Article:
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Stop criticizing and start coming up with good solutions


The critics are annoying because they’re so critical. They point out, with an over bearing pride of their ocular skills, that there’s a hole in the bucket but then they offer no solution on how to fix it.

I too have fallen into this category. In last week’s verbosphemy (my Google word crasher of the month), I ranted against Alberta’s Sturgeon refinery – whose finances have now reached the same comedic levels as the “Have we paid for them yet?” Montreal Olympic style proportions – and pointed out how the Alberta government has been outwitted by Husky with its purchase of a heat and serve no prep required refinery in Wisconsin.

Could Alberta or any other provincial government do the same thing I ask myself?

Is there a homebred Canadian solution?

Alberta’s first step is to move their financial and energy capitals from Calgary and Edmonton respectively, and in true Canadian fashion go half way to Red Deer, the home of Parkland Fuel Corporation. In a short time period Parkland Fuel has become one of the largest fuel marketers and distributors in the country.

Parkland bought the refinery and all the downstream operations of Chevron in B.C. for $1.5 billion (the Sturgeon refinery in Alberta alone cost $9.3 billion), all the Shell BlueWave operations in the entire country, all of the eastern downstream assets of Valero branded as Ultramar, as well as those of Pioneer Petroleum in Ontario and Manitoba.

Then, to top it all off, they also now own or operate a large segment of the Esso retail network including convenience store interests.

With a combined total now of close to 2,000 retail, wholesale, home heating, and cardlock locations across the country, which includes the only refinery in B.C. rated at 54,000 bpd (Husky’s in Prince George is a meaningless tea kettle in comparison at 15,000 bpd), I would say that perhaps Parkland can make even more money by publishing a book on how they did this.

Perhaps the first customers to run to the bookstore to get it should be the leaders of our provincial governments. But be warned that the feds will be there, only to be first in line for their rushed autographed copies of Rolling Stone magazine with Prime Minister Trudeau gracing the cover.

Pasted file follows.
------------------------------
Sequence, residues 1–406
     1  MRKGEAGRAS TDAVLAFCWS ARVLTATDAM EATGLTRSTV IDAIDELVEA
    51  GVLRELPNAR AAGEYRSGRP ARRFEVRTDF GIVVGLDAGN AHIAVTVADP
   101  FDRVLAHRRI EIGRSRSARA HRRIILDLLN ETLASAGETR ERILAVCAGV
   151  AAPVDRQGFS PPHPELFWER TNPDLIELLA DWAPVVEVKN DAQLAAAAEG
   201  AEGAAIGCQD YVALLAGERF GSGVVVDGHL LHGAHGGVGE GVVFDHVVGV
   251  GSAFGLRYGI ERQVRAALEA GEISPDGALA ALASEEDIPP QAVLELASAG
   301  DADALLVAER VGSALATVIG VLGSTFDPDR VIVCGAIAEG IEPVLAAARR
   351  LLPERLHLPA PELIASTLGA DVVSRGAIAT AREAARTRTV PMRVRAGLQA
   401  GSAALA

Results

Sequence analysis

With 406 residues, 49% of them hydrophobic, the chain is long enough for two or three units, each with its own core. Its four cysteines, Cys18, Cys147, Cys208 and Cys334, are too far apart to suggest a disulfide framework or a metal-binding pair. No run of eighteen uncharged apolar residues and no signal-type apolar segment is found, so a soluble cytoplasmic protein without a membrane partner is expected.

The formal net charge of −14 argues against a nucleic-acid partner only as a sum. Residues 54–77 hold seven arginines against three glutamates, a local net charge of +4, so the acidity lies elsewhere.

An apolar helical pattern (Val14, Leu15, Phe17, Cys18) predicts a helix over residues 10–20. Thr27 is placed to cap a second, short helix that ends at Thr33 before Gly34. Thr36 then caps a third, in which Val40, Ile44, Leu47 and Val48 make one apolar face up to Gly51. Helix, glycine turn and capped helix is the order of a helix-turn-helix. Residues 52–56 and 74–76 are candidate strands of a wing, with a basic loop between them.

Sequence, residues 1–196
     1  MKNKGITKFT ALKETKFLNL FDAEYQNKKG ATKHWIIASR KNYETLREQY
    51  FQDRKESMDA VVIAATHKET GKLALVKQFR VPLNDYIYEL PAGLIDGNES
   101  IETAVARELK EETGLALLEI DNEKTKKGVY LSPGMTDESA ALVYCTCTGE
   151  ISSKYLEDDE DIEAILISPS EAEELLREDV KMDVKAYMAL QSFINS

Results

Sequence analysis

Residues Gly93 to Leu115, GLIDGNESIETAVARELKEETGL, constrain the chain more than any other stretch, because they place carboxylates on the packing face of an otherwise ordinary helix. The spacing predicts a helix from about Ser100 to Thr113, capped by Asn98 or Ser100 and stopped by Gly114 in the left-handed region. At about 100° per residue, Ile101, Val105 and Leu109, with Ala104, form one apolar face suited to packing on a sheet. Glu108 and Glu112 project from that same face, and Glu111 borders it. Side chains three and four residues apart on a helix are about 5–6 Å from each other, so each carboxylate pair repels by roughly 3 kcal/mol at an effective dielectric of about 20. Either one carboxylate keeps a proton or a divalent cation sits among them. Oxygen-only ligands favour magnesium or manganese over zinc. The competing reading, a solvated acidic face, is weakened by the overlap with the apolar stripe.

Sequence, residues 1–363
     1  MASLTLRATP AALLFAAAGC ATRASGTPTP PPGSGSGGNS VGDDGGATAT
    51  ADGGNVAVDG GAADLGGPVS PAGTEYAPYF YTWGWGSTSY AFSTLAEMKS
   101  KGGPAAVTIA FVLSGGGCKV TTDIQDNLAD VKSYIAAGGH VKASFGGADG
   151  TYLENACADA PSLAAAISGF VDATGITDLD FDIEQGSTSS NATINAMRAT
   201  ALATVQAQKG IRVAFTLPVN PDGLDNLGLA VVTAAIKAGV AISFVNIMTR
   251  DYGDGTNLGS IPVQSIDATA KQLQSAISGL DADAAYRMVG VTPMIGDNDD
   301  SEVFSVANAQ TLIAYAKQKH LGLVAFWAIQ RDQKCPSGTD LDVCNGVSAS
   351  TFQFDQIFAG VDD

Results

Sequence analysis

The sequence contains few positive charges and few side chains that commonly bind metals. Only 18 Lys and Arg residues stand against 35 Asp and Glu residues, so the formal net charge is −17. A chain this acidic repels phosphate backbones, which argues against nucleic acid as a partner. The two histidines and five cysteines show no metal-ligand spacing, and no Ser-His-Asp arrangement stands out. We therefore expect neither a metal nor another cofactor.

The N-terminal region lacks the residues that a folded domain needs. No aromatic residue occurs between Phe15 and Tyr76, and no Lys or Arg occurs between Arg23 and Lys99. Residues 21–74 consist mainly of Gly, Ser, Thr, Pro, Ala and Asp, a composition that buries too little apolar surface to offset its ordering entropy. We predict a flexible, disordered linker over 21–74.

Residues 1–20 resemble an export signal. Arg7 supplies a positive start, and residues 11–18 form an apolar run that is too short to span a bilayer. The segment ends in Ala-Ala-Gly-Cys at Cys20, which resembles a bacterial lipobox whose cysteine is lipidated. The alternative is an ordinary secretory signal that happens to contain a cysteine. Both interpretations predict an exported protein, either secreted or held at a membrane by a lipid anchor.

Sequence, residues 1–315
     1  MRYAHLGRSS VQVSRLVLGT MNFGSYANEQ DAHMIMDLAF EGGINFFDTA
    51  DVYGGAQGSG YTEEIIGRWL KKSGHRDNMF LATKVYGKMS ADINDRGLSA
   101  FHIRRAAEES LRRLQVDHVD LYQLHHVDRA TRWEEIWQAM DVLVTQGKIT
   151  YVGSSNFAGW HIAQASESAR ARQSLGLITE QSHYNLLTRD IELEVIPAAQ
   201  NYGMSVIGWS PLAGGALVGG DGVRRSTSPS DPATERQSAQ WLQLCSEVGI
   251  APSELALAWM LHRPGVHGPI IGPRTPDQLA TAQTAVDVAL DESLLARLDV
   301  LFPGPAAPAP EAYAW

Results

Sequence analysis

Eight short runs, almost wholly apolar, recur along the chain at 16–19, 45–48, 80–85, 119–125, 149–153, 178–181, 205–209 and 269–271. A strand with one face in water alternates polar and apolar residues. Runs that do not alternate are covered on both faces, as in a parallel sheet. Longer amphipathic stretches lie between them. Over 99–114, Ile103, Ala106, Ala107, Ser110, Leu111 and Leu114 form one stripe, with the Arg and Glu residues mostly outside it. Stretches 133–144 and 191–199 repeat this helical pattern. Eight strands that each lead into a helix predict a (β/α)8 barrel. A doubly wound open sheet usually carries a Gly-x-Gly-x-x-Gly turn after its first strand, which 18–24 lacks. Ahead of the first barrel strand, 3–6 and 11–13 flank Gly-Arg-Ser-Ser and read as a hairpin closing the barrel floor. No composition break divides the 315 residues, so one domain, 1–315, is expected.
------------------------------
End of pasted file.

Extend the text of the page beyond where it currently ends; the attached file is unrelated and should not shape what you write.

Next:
My question of the week is, if Saudi Arabia can own the largest refinery in the U.S. and supply it with their own crude, and Venezuela can refine their own crude as well at their U.S. refineries, and then sell gasoline to the U.S. public under the CITCO brand, what is stopping any Canadian political entity from investing in U.S. or Canadian refineries, supplying them with Canadian crude, and refining it into gasoline or diesel for both the Canadian and U.S. consumer?

The answer?

Look at the little Red Deer company that could and did. Then look at politicians of any stripe anywhere in this country that should and don’t.

Those who can, do. Those that can’t, govern.


Roger McKnight

Roger McKnight

Roger McKnight is the Chief Petroleum Analyst with En-Pro International Inc. Roger has over 25 years experience in the oil industry, and has held senior marketing management positions responsible for national and international accounts. He is the originator of the card lock concept of marketing on-road diesel that is now the predominant purchase method of diesel in Canada. Roger's knowledge of the oil industry in North America, and pricing structures has resulted in his expertise being sought as a commentator by local, national, and international media. Roger is a regular guest on radio and television programs, and he is quoted regularly in newspapers and magazines across Canada.
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